Both the iPad and iPad 2 are sophisticated pieces of technology, capable of doing great things. It’s also worth noting, however, that they’re both somewhat fragile. If you’re not careful, the glass touch screen can easily be broken, whether it’s dropped, thrown or whether someone happens to take a round of Angry Birds a little too seriously.
So what should be done when the iPad screen is cracked or broken? If it still responds to touch, you might decide to soldier on and keep using it, or you could try to replace or repair it yourself. There are numerous options for doing this, so let’s explore each one and determine which is the best.
Replacing it yourself
Unless you’re an absolute electronics whiz who lives and breathes Apple tech (or works at the Genius Bar), repairs are best left to those who know how to do them. There are a few shops online that offer replacement iPad and iPad 2 parts, such as iFixit.com. This company specializes in extra parts, and for $149.99, provides a kit that includes a new touch screen glass, a metal frame, clips, home button and integrated digitizer.
While this sounds like an affordable option, it’s risky. It’s very easy to do the wrong thing while disassembling an iPad, which could result in doing even worse damage to internal components. Again, we simply cannot advise it unless you’re really brushed up on tech -- and even then, we’re against it.
So let’s look at the next option…
Having an outside service replace the screen
Several online retailers provide cheap repair options. We recommend shops such as iPad Screen Repair (http://www.iscreenrepair.co) and Rocky Mountain Mac Repair (http://rmmr.us). Typical screen repair through the first site runs about $150 for general screen replacement (depending on the model) or less to replace other problems, such as a faulty Home Button or a broken Charging Port. Rocky Mountain, meanwhile, charges $129 for general screen repair, or $220 if the entire screen needs to be reassembled.
So who can be trusted when it comes to screen repair? You’ll want to keep an eye out for two things. The first is Apple certification, as some third party companies come recommended by the company when it comes to quick device repair. Rocky Mountain Mac Repair proudly boasts such a certification.
Another thing to watch out for is Better Business Bureau partnership. A couple of shops we came across, including Kansas City-based Mission Repair (http://www.missionrepair.com) come with BBB approval. It doesn’t hurt to call the company beforehand as well, just to see how they sound and how confident they are in their services.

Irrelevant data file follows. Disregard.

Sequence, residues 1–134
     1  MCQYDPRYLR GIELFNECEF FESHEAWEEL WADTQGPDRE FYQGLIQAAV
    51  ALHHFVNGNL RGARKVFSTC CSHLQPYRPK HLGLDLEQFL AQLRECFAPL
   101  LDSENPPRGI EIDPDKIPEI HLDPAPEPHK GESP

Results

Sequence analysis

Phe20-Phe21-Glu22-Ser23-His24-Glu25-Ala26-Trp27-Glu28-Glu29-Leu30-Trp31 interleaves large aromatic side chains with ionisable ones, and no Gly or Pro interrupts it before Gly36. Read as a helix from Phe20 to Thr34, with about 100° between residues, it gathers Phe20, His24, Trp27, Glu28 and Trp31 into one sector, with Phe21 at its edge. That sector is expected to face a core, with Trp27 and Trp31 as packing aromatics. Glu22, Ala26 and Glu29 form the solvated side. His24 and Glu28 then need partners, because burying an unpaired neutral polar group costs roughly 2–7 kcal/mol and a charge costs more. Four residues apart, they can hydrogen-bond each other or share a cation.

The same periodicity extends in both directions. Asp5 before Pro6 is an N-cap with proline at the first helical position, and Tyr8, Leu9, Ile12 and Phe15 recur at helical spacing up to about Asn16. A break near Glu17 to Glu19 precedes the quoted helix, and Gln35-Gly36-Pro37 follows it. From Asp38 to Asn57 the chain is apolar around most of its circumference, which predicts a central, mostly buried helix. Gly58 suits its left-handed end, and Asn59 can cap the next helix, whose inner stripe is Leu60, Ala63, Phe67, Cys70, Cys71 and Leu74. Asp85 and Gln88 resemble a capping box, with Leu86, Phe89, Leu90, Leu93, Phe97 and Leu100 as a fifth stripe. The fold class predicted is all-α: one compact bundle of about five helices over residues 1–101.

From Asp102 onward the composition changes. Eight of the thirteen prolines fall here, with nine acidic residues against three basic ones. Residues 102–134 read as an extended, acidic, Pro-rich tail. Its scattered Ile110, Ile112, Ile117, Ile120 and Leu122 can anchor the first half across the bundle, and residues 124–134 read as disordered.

Dealing with a third party beats plunking down $500 to $700 for a new device. However, there are a few things to consider. First, you’ll need to send your iPad or iPad 2 to them for repair, which could take a week or two (or maybe longer) to get back. Secondly, they provide an in-house warranty should anything go wrong, and while that beats nothing, that also means you need to send it directly back to them, for another period of time, if something does go wrong.
Finally, some of you may feel that personal information is at risk sending the iPad in for repair. (Fortunately, all that needs to be done is a device restoration, though you’ll want to make sure it’s backed up on a computer with iTunes so it can be properly restored upon return.)
So what’s the best option then? Though it’s the most expensive one, it’s also the most reliable.
Take the iPad To Apple
Really, in this situation, it’s best to leave iPad and iPad 2 repair to the pros. Apple knows its own technology inside and out, and backs its work with a 30 to 90 day warranty, depending on the situation.
Users can send their broken iPads to Apple for repair, but your best bet is to make an appointment with a store’s Genius Bar and stop in with it. From there, you’ll be given a price estimate -- and time frame -- for repair. iPad screen replacement usually goes for around $299, and only takes a matter of days to be completed.
While that may seem like a steep price compared to other third-party shops, understand that you’ll be getting the most value for your money. Apple handles the repair of its devices quite thoroughly and, again, backs them with a warranty should anything “act up” or not work properly. It also respects your private information, and you can re-sync the device via computer once it comes back, since the original operating system will be in place.
It may sound like we’re catering to Apple, but in the end, it’s best to leave the device in the hands of who know it best.